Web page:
On December 7, the National Restaurant Association sent the latest restaurant survey results to the leaders in Congress. The report stated that 17%, or 110,000 restaurants, had closed permanently with 10,000 closings just within the last three months. These restaurants had been in business, on average, for 16 years.
Sean Kennedy, Executive Vice President for Public Affairs, stated, “What these findings make clear is that more than 500,000 restaurants of every business type—franchise, chain, and independent—are in economic free fall. And for every month that passes without a solution from Congress, thousands more restaurants will close their doors for good.”
The National Restaurant Association urged the Senate and House to support and pass the RESTAURANTS Act, a $120 billion restaurant revitalization fund and listed nine restaurant industry priorities for a second draw of the Paycheck Protection Program (PPP). The too little, too late relief bill, just signed by President Trump on December 27, addressed a few of the association’s requests, but not enough to save an industry that faces additional shutdowns as COVID-19 cases spike across the country.
How Does the $908 Billion COVID-19 Stimulus Package Help Restaurants?
The relief package addressed a few conditions designed to help independent restaurants.
- The new bill increased the amount restaurants and hotels can borrow, raising it from 2.5 times the average monthly payroll costs to 3.5, with a maximum loan amount of $2 million.
- Increased flexibility on loan expenditure means that 40% of the loan can go to personal protective equipment, training, customer modifications for protection, and perishable items. Particularly important to restaurants, allocating some funds to perishable items helps purchase needed inventory as restaurants close, open, and then close yet again.
- Tax deductions on business expenses covered by PPP loans help restaurants and hotels that were facing a tax bill at the end of the year.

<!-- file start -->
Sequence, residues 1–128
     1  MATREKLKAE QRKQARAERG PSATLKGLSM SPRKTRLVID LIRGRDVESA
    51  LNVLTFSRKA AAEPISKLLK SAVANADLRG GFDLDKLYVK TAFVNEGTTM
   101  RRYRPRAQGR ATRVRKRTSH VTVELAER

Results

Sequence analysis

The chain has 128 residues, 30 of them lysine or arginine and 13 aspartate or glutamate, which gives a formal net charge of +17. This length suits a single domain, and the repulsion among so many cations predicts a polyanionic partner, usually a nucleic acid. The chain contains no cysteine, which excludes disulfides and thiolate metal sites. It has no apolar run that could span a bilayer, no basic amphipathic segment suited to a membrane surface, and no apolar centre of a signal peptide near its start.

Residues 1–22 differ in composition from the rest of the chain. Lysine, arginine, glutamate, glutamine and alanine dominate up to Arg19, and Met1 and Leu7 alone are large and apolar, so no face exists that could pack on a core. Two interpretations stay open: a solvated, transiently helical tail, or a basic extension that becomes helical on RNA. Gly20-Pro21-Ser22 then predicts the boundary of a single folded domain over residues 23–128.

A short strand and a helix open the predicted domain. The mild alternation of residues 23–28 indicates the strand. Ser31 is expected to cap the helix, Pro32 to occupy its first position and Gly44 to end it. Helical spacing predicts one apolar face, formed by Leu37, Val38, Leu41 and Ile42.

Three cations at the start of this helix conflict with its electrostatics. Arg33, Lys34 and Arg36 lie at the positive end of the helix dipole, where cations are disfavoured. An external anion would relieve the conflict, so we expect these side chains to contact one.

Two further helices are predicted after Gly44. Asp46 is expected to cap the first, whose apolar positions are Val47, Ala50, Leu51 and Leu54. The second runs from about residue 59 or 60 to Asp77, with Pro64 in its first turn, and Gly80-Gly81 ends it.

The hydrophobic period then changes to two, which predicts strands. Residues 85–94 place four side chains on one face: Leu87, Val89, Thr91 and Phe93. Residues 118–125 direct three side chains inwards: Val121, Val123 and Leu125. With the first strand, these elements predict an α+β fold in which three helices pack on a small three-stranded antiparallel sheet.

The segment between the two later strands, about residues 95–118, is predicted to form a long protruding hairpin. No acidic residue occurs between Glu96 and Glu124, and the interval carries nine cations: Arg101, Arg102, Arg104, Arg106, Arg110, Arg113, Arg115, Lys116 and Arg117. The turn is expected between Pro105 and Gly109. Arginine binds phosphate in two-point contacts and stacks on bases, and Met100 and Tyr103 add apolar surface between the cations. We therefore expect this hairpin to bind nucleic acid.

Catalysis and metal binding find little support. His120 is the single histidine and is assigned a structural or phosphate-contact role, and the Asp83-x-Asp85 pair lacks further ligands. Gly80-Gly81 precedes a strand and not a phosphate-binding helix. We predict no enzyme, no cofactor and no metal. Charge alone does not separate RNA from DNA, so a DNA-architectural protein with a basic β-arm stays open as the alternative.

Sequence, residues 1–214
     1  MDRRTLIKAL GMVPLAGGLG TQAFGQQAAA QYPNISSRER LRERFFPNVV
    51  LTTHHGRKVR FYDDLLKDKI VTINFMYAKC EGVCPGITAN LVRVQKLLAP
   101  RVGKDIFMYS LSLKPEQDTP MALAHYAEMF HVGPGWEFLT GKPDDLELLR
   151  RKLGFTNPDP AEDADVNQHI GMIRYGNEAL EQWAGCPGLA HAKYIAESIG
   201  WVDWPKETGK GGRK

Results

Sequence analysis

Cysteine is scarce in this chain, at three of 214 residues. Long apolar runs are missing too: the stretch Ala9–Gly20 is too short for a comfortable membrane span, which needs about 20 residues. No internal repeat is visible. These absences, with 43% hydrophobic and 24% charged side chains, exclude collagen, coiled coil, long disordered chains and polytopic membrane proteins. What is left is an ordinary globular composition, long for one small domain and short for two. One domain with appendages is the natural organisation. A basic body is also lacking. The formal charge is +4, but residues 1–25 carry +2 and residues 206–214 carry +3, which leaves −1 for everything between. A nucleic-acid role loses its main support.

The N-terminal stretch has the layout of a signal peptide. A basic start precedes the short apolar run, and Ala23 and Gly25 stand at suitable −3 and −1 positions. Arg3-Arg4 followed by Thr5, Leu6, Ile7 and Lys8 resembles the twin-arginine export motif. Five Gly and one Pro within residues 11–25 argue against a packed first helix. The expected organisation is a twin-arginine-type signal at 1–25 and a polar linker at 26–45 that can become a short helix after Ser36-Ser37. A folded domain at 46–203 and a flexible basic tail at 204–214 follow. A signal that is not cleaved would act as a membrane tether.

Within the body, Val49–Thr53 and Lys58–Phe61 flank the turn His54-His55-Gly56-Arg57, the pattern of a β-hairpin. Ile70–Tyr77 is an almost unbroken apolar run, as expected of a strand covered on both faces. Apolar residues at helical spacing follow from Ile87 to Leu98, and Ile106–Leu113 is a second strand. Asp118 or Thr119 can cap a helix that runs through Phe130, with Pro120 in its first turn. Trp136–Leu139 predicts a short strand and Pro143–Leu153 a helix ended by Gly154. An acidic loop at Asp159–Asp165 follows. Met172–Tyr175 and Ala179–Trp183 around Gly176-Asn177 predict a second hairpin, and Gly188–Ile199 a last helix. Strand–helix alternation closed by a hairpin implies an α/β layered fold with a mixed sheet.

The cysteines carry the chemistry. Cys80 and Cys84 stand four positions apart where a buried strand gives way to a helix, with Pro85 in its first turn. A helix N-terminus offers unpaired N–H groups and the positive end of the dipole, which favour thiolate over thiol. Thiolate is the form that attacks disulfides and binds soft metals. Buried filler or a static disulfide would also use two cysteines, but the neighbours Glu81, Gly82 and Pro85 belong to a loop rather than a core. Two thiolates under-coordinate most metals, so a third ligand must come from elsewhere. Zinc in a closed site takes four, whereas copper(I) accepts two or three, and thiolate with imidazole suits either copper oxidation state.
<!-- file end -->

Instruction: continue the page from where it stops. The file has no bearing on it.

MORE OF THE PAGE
- Several stipulations may help independent restaurants get their fair share of the relief fund. No publicly traded companies or businesses with more than 300 employees may apply for a loan. Businesses must also show a 25% drop in revenue during at least one quarter in 2020 as compared to 2019.
- As with the last relief bill, owners may apply for loan forgiveness if they adhere to spending guidelines. Many restauranteurs that followed spending restrictions after receiving the last PPP loan are still uncertain if the government will forgive their first loan.
Where Does the Relief Bill Fall Short?
Everyone, including government officials, seems to agree that the restaurant industry has been particularly hard hit throughout the pandemic. Yet, the just-signed COVID-19 relief bill granted $16 billion to the airlines, $15 billion in grant money to movie theaters and concert venues, and $45 billion for the transportation sector.
What’s left are the PPP loans, a lifeline that failed with the first toss. According to the Independent Restaurant Coalition, a group created to help save independent restaurants and their employees affected by COVID-19, the first round of PPP loans did not work for restaurants and bars, leaving little faith that they will work this second time around.
Kevin Boehm, co-founder of the Coalition, shared this in a press release, “The first round of Paycheck Protection Program loans did not work as advertised for restaurants and bars. More than one in six restaurants are already permanently closed and two million restaurant workers remain unemployed, more than any other industry. Today, the situation for restaurants is worse than it was when PPP was first passed in the spring… This proposal is a Band-Aid on a bullet wound.”
Under the new relief bill, those two million unemployed restaurant workers will receive just $1,200 per month, half of what it entitled them to under the first $2.2 trillion relief fund known as the CARES act.
Most of the PPP loan, 60%, remains devoted to payroll, a percentage that seems out of touch with reality considering the closures, reduced capacity restrictions, and the 17,000 lost jobs in November alone. Currently, the leisure and hospitality industry’s unemployment rate remains 134% higher than the national average.
Some restaurant owners in the San Francisco Bay Area believe the PPP funds will help them survive for only a few more months, at most. On December 18, California’s stay-at-home order went into effect as well as a 10-day quarantine for those coming to San Francisco from outside the Bay Area. The historic Cliff House and Japantown’s upscale OzaOza are just two of the recent casualties in a sea of permanent closures.
According to the National Restaurant Association’s survey, one in three operators are considering temporarily closing until conditions improve.